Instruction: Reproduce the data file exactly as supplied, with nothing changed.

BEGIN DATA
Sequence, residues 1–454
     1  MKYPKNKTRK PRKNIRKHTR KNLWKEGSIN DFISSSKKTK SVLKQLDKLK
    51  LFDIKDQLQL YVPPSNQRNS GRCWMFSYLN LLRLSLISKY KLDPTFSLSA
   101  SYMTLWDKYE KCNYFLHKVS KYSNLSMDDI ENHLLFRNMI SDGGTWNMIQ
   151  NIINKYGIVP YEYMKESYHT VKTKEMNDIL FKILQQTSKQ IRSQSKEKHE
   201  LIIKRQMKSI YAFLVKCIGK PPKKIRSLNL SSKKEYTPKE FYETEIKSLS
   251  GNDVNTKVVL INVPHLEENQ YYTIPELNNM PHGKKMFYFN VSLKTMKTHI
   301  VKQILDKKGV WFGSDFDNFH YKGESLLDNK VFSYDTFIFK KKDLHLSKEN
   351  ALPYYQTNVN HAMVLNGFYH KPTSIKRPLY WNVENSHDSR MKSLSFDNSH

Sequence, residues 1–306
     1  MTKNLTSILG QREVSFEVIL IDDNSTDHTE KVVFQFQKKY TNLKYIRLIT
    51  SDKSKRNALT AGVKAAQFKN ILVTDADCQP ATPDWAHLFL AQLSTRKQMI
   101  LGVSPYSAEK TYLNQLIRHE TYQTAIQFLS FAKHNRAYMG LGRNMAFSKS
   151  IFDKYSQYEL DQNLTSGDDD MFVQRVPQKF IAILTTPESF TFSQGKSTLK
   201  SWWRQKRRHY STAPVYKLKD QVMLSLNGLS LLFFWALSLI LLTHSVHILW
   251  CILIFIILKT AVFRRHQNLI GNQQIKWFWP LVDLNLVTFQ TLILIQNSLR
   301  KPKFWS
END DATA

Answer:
Sequence, residues 1–454
     1  MKYPKNKTRK PRKNIRKHTR KNLWKEGSIN DFISSSKKTK SVLKQLDKLK
    51  LFDIKDQLQL YVPPSNQRNS GRCWMFSYLN LLRLSLISKY KLDPTFSLSA
   101  SYMTLWDKYE KCNYFLHKVS KYSNLSMDDI ENHLLFRNMI SDGGTWNMIQ
   151  NIINKYGIVP YEYMKESYHT VKTKEMNDIL FKILQQTSKQ IRSQSKEKHE
   201  LIIKRQMKSI YAFLVKCIGK PPKKIRSLNL SSKKEYTPKE FYETEIKSLS
   251  GNDVNTKVVL INVPHLEENQ YYTIPELNNM PHGKKMFYFN VSLKTMKTHI
   301  VKQILDKKGV WFGSDFDNFH YKGESLLDNK VFSYDTFIFK KKDLHLSKEN
   351  ALPYYQTNVN HAMVLNGFYH KPTSIKRPLY WNVENSHDSR MKSLSFDNSH

Sequence, residues 1–306
     1  MTKNLTSILG QREVSFEVIL IDDNSTDHTE KVVFQFQKKY TNLKYIRLIT
    51  SDKSKRNALT AGVKAAQFKN ILVTDADCQP ATPDWAHLFL AQLSTRKQMI
   101  LGVSPYSAEK TYLNQLIRHE TYQTAIQFLS FAKHNRAYMG LGRNMAFSKS
   151  IFDKYSQYEL DQNLTSGDDD MFVQRVPQKF IAILTTPESF TFSQGKSTLK
   201  SWWRQKRRHY STAPVYKLKD QVMLSLNGLS LLFFWALSLI LLTHSVHILW
   251  CILIFIILKT AVFRRHQNLI GNQQIKWFWP LVDLNLVTFQ TLILIQNSLR
   301  KPKFWS